The intent of the assessment tool is to describe considerations to reduce the risk of building occupant exposure to SARS-CoV-2, the virus that causes COVID-19 disease cases, in workplaces and public spaces. There are five critical components of the tool:


  • Developing infectious disease preparedness and response plans


  • Preparation to implement basic infection prevention measures


  • Developing policies and procedures for prompt identification and isolation of symptomatic people, if appropriate


  • Developing, implementing, and communicating about workplace flexibilities and protections


  • Implementing workplace controls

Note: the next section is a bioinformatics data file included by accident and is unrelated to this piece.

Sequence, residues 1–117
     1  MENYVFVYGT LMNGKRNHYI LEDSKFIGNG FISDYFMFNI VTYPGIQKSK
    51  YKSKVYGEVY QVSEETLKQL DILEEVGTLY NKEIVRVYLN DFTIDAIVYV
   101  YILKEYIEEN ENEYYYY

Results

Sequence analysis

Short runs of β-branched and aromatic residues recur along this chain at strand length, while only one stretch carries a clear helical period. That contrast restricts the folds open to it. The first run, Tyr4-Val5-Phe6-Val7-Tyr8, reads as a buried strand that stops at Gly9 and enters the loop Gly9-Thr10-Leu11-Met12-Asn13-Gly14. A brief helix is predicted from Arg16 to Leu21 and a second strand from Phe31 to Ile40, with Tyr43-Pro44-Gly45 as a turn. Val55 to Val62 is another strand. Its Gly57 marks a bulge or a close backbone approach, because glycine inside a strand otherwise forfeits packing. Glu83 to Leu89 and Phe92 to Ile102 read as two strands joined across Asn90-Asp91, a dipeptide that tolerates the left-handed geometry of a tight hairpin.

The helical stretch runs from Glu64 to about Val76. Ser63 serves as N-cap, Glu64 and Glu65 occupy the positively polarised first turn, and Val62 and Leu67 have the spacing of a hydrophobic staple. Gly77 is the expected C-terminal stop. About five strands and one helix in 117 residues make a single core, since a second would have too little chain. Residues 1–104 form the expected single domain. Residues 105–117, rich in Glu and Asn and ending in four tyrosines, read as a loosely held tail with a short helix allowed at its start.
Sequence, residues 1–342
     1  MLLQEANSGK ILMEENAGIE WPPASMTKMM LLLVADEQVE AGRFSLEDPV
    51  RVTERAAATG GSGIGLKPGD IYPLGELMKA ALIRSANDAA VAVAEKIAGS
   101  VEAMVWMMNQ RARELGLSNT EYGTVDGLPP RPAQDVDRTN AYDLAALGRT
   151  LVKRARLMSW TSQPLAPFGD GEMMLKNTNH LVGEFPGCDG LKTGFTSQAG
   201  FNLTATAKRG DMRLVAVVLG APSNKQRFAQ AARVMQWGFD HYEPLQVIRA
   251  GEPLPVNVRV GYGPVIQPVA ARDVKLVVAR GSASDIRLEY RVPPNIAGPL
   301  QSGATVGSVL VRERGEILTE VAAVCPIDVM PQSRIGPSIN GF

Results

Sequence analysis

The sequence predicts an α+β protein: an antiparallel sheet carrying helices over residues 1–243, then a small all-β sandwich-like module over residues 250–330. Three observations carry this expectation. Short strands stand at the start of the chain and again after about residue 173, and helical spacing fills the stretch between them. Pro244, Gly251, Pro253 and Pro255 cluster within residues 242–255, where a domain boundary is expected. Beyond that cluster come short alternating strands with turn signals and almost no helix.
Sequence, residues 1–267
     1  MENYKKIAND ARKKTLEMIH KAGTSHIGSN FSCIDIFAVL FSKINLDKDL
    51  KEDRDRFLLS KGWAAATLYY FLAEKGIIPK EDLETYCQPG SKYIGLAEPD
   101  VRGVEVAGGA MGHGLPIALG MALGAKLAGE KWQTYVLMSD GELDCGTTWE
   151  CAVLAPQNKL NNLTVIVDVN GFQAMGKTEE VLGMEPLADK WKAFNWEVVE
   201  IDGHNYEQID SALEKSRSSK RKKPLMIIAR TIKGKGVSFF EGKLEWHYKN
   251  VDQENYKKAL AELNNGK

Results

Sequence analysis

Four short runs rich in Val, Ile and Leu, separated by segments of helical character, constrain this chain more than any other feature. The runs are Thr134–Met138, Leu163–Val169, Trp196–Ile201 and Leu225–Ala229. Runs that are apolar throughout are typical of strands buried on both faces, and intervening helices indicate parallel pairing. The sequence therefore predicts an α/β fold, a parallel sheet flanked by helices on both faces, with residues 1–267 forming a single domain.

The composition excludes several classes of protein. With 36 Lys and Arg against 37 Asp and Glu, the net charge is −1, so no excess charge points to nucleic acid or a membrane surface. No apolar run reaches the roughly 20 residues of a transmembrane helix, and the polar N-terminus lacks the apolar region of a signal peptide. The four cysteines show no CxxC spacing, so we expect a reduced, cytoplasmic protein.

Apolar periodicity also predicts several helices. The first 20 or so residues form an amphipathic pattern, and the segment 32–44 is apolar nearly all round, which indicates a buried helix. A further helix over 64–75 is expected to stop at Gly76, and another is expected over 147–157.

The tool uses the Center for Diseases Control’s “hierarchy of controls” to choose ways of controlling workplace hazards. The framework proposes that the best ways of controlling the hazards are to remove them rather than relying on employees or the public to decrease their own exposure. In many scenarios, a combination of control measures will be necessary. The AIA Re-occupancy Assessment Tool is a compilation of considerations that includes engineering, architectural, and administrative controls, as well as PPE, that apply to essential businesses operating under restrictive orders and for closed non-essential facilities that are in the process of re-opening.